In fact, only the other day, Peter Lewis, who runs a weekly poll, Essential Report, said on TV: “A poll can never predict the future”, and “Anyone who says they know what the future holds is deluded.” All pollsters, and all who study polls, say virtually the same. In fact, a couple of days ago one of the few journalists to write rationally about polls, John Watson, managed to get a column in one of our major newspapers titled: ‘Penchant for picking a winner is poll waffle’ that concluded: “One might hope commentators learn from past predictive follies and leave fortune telling to the charlatans and crackpots.” Unfortunately, no one will take any notice of him or what the pollsters say, because it doesn’t suit their case. That sounds to be a monumental con job. I’ve never heard of anything like that! Actually, it’s even worse than it sounds. Politicians themselves have fallen for the con. They are so convinced that the current polls are accurately predicting a devastating defeat for the party in power at present that even members of that party believe they need to change the leader to improve the polls. And practically every poll, and every commentary, reinforces this view. Which brings us back to where we started!
Our female leader is condemned because a series of opinion polls of voting intention of the national electorate have shown that her party is not doing well and she is not popular. So some of her own party have turned against her and have been agitating for her replacement by a previous leader. It’s been going on a long while, and came to a head over a year ago when the previous leader and his supporters mounted a challenge, but he lost, getting only a third of the votes of the party. Everyone thought that would be the end of it, even the pretender, but he, and his supporters, were so convinced of his messianic attributes, so convinced that elevating him to the throne would improve the party’s polling, that they continued to sabotage the leader, month after month, leaking damaging tidbits to political journalists, who were hungry to devour every morsel of it because they, and their editors and proprietors, wanted to get rid of her party and her with it. They published column after column predicting her political demise, thereby adding fuel to the fire, a self-perpetuating cycle of doom and gloom they hoped would be a self-fulfilling prophesy.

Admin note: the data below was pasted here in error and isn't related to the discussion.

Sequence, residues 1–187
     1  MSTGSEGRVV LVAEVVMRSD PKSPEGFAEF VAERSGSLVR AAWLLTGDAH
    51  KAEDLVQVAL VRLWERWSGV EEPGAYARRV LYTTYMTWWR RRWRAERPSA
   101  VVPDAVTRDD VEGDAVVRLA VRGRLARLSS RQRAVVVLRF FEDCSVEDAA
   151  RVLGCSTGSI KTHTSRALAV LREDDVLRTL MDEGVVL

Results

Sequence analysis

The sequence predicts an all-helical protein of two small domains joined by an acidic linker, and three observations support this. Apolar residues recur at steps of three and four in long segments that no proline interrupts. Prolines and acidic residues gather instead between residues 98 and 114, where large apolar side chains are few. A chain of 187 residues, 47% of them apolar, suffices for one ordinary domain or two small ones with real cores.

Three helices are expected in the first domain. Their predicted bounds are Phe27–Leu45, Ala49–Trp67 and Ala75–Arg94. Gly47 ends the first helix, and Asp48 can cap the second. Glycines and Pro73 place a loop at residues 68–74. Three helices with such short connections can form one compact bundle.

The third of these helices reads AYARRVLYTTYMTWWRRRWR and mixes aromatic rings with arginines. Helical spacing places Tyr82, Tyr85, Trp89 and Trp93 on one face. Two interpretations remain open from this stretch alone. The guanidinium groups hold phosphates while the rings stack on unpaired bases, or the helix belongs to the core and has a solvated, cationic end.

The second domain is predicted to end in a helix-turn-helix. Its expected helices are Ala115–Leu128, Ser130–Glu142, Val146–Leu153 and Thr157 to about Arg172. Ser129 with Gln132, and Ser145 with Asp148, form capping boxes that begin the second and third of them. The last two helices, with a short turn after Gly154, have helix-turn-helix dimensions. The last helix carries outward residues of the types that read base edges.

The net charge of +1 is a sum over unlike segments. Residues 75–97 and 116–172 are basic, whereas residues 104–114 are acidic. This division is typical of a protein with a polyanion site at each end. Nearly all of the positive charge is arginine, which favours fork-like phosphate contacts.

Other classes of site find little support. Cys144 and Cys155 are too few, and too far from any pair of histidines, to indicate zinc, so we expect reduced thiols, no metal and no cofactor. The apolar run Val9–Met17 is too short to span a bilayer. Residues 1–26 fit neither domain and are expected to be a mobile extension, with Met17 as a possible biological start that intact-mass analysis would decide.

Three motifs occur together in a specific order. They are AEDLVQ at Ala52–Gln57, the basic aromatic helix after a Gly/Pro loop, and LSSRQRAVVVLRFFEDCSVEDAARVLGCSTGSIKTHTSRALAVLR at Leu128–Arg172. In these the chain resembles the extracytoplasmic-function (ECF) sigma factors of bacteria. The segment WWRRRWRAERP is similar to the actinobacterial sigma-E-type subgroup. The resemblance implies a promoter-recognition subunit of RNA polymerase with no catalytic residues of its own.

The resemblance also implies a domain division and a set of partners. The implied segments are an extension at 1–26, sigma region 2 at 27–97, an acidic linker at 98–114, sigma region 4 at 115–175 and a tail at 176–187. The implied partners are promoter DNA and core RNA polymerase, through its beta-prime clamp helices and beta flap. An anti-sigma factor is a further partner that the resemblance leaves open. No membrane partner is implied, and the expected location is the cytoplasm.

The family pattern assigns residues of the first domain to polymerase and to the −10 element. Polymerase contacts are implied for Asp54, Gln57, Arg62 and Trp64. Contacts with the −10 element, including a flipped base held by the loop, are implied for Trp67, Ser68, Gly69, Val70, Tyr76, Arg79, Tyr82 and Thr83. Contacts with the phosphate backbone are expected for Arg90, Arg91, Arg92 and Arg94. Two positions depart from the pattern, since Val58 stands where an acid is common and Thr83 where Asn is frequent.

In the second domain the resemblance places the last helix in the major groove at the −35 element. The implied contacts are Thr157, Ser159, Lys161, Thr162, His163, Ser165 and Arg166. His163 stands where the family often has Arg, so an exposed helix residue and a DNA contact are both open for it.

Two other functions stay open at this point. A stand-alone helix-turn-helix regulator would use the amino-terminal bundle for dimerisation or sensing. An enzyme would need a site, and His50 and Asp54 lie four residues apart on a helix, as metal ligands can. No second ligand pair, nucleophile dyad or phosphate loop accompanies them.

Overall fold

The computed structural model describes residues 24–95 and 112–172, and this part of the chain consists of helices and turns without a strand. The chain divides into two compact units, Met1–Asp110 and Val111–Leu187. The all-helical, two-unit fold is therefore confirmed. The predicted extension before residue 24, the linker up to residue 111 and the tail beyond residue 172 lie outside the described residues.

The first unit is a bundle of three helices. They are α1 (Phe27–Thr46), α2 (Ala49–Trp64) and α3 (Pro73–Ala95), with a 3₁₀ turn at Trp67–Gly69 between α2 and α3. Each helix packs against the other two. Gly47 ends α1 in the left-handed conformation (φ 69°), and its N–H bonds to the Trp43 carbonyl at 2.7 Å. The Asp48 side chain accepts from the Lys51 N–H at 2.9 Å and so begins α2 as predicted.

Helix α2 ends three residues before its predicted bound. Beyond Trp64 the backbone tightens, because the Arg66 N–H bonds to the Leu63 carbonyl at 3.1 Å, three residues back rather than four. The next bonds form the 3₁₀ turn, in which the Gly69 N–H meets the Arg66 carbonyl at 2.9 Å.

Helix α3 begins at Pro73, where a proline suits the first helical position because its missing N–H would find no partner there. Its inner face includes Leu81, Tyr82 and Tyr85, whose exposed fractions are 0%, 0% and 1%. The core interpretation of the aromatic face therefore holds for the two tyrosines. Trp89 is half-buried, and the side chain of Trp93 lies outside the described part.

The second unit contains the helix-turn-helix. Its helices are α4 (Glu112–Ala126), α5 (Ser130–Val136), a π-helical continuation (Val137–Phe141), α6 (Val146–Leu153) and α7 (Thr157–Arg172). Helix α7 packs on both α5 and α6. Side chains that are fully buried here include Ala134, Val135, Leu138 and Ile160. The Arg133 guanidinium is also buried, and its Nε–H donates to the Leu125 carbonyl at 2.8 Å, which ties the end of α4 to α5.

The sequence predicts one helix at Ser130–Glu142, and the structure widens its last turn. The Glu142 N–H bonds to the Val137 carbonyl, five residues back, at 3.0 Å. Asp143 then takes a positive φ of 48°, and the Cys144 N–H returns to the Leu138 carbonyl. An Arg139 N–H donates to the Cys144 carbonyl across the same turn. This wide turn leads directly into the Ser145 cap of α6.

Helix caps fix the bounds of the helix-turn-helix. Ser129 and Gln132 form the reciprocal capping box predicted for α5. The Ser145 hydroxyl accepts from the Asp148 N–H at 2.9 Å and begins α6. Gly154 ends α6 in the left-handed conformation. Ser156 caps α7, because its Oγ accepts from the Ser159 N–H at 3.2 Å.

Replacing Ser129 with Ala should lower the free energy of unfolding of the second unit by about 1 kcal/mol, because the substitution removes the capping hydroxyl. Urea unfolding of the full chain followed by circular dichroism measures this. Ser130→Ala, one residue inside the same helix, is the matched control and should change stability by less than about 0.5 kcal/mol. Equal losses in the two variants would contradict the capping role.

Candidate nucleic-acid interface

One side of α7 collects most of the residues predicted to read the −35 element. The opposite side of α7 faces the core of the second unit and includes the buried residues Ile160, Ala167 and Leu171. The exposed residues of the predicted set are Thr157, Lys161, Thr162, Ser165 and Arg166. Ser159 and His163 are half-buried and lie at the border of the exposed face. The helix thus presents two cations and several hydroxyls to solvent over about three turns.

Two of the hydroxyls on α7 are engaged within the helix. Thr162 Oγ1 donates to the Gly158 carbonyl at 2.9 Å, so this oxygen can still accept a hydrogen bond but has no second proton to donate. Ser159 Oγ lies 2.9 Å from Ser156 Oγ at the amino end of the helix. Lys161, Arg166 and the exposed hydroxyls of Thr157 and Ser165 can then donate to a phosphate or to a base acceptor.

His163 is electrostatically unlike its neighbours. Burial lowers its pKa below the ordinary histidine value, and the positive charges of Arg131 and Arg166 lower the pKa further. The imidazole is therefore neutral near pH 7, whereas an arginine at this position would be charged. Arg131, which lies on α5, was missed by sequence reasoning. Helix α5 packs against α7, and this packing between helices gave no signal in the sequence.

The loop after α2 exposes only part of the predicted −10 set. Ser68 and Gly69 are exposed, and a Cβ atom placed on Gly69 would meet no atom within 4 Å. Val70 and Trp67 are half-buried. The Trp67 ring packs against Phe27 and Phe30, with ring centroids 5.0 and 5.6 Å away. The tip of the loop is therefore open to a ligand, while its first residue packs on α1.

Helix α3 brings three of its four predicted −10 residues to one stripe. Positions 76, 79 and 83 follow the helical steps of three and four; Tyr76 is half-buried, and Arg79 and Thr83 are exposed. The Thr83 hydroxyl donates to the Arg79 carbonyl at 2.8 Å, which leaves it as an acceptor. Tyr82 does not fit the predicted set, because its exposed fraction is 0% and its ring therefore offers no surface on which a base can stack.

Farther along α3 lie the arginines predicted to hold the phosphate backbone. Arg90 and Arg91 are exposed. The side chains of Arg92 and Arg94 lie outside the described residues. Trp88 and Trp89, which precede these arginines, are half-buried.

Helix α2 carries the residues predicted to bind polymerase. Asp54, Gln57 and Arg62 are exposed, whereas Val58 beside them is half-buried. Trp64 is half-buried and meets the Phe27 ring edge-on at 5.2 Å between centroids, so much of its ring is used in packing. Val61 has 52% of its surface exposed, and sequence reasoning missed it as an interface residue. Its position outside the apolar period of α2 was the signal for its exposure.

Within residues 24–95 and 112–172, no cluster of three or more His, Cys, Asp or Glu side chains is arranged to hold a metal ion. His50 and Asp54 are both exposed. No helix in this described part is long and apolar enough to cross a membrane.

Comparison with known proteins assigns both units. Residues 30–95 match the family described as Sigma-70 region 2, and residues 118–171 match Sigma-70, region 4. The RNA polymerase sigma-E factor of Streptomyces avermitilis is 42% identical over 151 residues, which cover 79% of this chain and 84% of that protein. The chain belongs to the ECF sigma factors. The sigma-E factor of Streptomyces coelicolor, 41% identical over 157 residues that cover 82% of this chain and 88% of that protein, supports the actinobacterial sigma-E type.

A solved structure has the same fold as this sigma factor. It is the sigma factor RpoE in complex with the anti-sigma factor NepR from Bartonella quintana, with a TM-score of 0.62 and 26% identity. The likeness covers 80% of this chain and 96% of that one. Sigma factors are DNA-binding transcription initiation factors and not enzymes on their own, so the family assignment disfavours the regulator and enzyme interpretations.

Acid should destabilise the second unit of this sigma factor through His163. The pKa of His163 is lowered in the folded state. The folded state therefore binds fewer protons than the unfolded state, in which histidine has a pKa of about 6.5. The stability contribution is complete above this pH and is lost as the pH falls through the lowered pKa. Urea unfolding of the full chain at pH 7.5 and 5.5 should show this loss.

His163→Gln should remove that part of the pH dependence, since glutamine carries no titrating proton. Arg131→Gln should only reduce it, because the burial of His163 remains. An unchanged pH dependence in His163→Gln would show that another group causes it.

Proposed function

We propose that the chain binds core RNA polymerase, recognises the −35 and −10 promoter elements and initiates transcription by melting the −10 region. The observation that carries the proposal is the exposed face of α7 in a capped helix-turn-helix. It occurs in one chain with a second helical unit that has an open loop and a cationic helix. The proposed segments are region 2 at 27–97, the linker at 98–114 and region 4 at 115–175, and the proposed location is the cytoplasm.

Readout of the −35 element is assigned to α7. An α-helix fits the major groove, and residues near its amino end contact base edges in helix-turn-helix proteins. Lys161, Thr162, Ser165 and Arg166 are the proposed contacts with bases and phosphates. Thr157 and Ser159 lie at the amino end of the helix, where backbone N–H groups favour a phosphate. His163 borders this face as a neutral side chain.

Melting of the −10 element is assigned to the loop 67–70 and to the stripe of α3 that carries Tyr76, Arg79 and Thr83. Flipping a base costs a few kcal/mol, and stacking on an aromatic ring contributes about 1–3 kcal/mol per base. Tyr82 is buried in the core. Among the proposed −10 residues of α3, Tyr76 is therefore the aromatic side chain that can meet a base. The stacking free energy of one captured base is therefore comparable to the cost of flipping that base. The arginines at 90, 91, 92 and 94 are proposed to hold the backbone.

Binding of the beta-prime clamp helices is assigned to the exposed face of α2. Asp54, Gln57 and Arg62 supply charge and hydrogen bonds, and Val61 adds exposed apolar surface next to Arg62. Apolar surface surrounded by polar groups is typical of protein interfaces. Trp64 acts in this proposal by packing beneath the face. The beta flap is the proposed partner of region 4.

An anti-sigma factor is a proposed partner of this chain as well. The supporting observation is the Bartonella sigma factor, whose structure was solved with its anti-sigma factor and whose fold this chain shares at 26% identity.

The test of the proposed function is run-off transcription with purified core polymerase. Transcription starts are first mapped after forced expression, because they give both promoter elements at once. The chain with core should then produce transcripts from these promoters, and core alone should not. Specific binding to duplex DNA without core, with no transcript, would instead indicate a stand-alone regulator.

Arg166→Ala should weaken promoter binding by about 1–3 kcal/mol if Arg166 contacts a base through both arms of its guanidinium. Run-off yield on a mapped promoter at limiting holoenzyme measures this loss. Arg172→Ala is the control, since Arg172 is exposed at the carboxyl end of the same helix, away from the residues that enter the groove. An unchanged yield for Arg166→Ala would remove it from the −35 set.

The Martian scratches his head. You know that polls of voting intention six months before an election are worthless, indeed worse than that, they are seriously misleading. You know that they can’t predict who will win. You say that pollsters know that, but media outlets find the polling game so lucrative that they continue the charade, and even the politicians, whom might be expected to know they were being conned, go along with the charade, and worse than that, use polls in an attempt to get rid of the leader by saying she can’t lead them to victory at the election because the polls say so, and therefore the old leader needs to be brought back. Bizarre! Well, he was popular once, but that popularity slipped and the opinion polls went down, so his colleagues lost faith in him and threw him out for the current female leader. I don’t understand. If they lost faith in him, why would they want him back? Because of the polls. They say he is now more popular with the people than the female leader, and the polls also say he would be more likely to win the election. But you said the polls are not predictive of what will happen at an election. So why would you rely on them, indeed use them to change leaders? Seems to me you are backing an outcome, but you have no idea of the odds? You have no idea at all that changing leaders will make things better or worse, and if you did, by how much. Yet, you tell me that intelligent people want to do that. How come they think in this wacky way? You might well ask. But don’t expect me to give a sensible answer! It defies reason and logic. Frankly, I think emotion has got the better of their brains. They are so upset at what the polls commentators are telling them: that the party is doomed and that they will lose their seats in parliament; they are so scared, that they are acting on emotional autopilot. They are so convinced there is train wreck ahead (the commentators remind them of that every day), that they are frantically pulling levers, trying to put on the brakes, mindlessly shouting orders, and covertly working on plots to oust the leader, the female leader. They are in a state of panic. Anything might happen.